Recent Enterprise Security News headlines include:

Attack Program Exploits New Microsoft Bug; Newsbytes
http://enterprisesecurity.symantec.com/content.cfm?articleid=791

No Joke: Email Spoofing on the Rise; National Post
http://enterprisesecurity.symantec.com/content.cfm?articleid=784

Check out our latest feature articles: "Wireless Threats: Hype or Reality?"
http://enterprisesecurity.symantec.com/article.cfm?articleid=778

"The Importance of Layered Security"
http://enterprisesecurity.symantec.com/article.cfm?articleid=767

Get the latest enterprise security news delivered straight to your inbox.Register for Symantec's free Enterprise Security newsletters.
https://enterprisesecurity.symantec.com/Content/Subscribe.cfm
   
             
        Malicious Threats of Peer-to-Peer Networking    
        Peer- to-peer networking allows communication between two systems where each system is considered equal. It is an alternative to the client-server model in which each peer system is both a server and a client, commonly referred to as a servant.

Recently, peer-to-peer networks have gained momentum with searchable peer-to-peer network file databases, increased network connectivity, and content popularity.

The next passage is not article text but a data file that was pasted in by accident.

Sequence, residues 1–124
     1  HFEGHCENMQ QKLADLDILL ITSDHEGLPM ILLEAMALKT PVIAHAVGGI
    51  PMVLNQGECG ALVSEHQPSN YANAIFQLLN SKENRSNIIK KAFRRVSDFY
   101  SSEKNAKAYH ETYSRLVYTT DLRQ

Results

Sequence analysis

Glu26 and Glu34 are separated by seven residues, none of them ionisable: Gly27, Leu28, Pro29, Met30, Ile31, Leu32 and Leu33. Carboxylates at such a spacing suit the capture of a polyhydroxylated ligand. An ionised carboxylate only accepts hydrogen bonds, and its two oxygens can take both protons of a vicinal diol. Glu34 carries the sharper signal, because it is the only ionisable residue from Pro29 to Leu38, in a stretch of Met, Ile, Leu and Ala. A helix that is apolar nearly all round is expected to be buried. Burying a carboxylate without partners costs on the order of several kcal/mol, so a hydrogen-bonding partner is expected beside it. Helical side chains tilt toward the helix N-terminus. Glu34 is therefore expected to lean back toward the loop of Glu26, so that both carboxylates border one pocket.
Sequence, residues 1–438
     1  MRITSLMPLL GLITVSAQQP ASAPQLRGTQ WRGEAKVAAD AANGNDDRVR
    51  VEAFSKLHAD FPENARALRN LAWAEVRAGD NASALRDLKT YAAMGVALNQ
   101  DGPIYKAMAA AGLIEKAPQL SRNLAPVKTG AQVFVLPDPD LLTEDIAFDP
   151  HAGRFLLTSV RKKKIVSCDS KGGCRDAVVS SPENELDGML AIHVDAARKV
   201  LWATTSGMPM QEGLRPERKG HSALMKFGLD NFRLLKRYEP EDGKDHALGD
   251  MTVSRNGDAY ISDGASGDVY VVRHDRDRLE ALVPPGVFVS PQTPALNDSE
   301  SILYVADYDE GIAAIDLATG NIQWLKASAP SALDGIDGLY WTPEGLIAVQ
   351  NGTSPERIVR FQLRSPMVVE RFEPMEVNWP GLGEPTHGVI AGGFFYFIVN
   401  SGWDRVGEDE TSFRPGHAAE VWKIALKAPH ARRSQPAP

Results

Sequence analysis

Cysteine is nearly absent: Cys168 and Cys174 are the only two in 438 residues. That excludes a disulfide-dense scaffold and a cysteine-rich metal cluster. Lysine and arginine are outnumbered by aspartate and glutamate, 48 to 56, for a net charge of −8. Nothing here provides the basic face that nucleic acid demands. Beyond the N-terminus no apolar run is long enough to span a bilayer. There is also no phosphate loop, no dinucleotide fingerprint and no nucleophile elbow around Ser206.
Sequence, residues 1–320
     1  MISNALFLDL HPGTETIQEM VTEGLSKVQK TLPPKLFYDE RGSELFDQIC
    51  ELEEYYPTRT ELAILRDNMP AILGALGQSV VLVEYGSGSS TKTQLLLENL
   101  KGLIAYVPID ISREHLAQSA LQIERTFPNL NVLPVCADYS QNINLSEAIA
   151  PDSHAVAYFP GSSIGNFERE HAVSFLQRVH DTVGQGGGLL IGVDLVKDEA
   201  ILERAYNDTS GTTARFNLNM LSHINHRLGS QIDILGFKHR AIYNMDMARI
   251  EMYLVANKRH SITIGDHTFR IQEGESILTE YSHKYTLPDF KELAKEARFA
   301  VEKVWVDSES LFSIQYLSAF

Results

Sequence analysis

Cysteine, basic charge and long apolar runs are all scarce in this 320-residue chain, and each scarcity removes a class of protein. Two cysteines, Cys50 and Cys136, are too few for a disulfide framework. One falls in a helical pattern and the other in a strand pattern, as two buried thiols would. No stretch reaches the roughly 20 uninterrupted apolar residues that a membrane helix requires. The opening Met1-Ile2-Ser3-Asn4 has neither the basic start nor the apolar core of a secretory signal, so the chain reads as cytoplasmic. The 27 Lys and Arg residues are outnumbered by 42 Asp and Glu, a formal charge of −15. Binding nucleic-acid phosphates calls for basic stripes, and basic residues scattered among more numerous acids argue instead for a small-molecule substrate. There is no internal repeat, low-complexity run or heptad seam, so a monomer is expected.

The malicious threats discussed include how malicious threats can harness such networks and how peer-to-peer networking provides an additional (potentially unprotected) vector of delivery for malicious code.

New Vector of Delivery
In the past, the primary method of contracting a virus was via a floppy disk. Today, the primary vector of delivery is using an email attachment.

By using peer-to-peer networking one provides another method of introducing malicious code onto a computer system. This simple additional vector of delivery is currently the greatest threat of malicious software to peer-to-peer networking.

Thus, classic peer-to-peer unaware viruses could inadvertently be transmitted via a peer-to-peer network. In addition, viruses could also take advantage of the regular use of a peer-to-peer network.

For example, viruses could specifically attempt to copy themselves to or infect files within the shared peer-to-peer space.

The first discovered Gnutella worm, VBS.GWV.A, does this by copying itself to the Gnutella shared directory as popular filenames. For example, the worm may copy itself into the Gnutella shared directory as 'Pamela Anderson movie listing.vbs'. Thus, the goal is to trick someone into downloading the file and executing the file believing the file is actually a Pamela Anderson movie rather than a worm.